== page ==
10Creating Your Own Extensions


  • Understanding how to create a Visual Studio Code extension
  • Learning how to define the contributions made by your extensions
  • Integrating extensions into the existing Visual Studio Code user experience

As the previous chapter should have reinforced, Visual Studio Code is quite extensible, and third‐party authors (not to mention Microsoft) are taking advantage of that extensibility to create a wide range of useful extensions. But, almost inevitably, you will find things that are missing in Visual Studio Code or features you'd like added to help you or your team, so it makes sense to spend a bit of time looking at the details of how extensions are constructed.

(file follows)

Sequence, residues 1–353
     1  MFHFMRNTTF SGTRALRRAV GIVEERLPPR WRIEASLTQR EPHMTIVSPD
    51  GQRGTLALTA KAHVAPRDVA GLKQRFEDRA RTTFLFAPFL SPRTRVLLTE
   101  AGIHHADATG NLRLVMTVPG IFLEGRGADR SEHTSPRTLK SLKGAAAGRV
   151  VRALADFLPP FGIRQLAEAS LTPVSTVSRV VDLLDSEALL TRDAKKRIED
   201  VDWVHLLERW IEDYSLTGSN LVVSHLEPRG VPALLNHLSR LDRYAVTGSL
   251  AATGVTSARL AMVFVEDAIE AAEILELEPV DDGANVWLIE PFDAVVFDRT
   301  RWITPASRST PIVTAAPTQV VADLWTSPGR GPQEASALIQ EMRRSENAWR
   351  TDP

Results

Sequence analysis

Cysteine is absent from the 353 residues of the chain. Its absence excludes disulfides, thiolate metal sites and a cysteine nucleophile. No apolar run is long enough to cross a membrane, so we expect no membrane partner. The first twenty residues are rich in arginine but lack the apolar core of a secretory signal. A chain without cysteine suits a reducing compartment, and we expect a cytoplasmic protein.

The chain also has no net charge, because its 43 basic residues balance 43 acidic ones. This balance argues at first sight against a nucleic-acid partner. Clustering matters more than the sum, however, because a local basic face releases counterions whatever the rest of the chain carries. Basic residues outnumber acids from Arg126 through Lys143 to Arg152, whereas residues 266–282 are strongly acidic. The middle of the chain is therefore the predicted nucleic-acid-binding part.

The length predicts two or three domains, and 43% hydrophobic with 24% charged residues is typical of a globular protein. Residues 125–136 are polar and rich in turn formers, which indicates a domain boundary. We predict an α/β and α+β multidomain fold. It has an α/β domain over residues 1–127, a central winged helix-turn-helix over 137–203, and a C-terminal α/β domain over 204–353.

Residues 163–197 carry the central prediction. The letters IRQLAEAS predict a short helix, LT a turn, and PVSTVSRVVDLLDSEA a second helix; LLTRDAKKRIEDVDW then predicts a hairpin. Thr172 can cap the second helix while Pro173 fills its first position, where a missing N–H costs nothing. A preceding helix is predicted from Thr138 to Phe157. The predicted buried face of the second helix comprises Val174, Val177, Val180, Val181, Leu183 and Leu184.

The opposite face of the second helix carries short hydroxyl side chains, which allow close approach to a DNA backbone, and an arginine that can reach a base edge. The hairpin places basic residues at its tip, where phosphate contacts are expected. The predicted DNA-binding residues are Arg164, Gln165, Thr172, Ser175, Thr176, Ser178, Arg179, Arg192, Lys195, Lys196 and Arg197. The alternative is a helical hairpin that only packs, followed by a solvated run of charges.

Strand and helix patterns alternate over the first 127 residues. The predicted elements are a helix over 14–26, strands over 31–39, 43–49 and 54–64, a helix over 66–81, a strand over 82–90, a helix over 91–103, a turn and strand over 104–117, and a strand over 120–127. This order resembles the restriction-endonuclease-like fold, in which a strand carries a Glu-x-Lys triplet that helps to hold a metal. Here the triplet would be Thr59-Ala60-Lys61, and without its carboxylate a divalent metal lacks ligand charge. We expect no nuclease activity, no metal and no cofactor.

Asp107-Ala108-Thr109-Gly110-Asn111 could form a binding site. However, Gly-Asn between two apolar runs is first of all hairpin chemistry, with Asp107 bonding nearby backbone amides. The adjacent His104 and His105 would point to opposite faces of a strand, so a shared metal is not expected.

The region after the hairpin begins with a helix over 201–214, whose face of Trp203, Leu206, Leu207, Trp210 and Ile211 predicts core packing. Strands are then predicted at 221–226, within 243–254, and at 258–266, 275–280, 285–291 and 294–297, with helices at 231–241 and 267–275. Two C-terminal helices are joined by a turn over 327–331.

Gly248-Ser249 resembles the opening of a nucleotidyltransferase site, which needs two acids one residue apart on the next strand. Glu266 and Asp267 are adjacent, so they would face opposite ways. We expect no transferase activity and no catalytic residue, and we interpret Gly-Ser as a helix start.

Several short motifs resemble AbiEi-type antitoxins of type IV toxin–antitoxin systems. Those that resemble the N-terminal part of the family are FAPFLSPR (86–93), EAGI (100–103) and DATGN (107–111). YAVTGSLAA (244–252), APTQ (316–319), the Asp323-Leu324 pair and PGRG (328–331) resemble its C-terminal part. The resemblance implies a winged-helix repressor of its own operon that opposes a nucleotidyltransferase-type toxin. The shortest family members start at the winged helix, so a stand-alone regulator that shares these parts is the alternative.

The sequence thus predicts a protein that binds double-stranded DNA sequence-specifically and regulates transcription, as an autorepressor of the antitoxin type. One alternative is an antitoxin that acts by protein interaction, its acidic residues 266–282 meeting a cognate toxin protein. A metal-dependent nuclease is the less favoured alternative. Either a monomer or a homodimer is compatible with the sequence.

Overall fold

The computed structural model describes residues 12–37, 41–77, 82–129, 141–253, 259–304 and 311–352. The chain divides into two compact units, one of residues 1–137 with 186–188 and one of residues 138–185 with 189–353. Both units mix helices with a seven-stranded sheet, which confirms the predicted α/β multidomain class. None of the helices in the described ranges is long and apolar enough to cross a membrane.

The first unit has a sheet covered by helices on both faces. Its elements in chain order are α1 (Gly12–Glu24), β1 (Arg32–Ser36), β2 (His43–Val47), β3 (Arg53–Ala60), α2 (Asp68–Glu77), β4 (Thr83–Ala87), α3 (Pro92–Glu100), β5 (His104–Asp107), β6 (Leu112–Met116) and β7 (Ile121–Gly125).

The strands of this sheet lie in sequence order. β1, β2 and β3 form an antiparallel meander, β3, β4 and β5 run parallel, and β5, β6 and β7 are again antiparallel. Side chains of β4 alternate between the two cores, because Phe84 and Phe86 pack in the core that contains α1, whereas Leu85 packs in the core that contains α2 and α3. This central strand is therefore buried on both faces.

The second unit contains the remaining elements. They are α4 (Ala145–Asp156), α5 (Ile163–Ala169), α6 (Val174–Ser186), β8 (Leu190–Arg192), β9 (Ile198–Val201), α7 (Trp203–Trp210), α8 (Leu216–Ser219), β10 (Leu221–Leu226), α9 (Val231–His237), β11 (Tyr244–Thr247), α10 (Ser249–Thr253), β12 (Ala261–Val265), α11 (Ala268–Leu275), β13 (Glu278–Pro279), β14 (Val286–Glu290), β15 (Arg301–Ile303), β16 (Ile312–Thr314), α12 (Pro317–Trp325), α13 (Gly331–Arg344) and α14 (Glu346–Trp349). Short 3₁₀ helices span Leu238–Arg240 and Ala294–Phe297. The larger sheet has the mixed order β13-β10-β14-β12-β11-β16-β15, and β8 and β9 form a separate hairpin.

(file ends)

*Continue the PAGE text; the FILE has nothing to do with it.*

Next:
The goal of this chapter is to walk you through the process of setting up a simple extension: examining the structure of an extension project, working with the different points of extension that are offered within Visual Studio Code, and considering how debugging an extension works.


While it's certainly possible to write a Visual Studio Code extension from scratch, it's a lot easier to utilize Yeoman and a code generator that has been provided.

If you're unfamiliar with Yeoman, it is a scaffolding tool. Its purpose is to create the starting point for projects of various types. It's language agnostic, because it's not actually compiling anything. It just creates the directory structure, adds the appropriate files, and off you go. If you haven't installed ...

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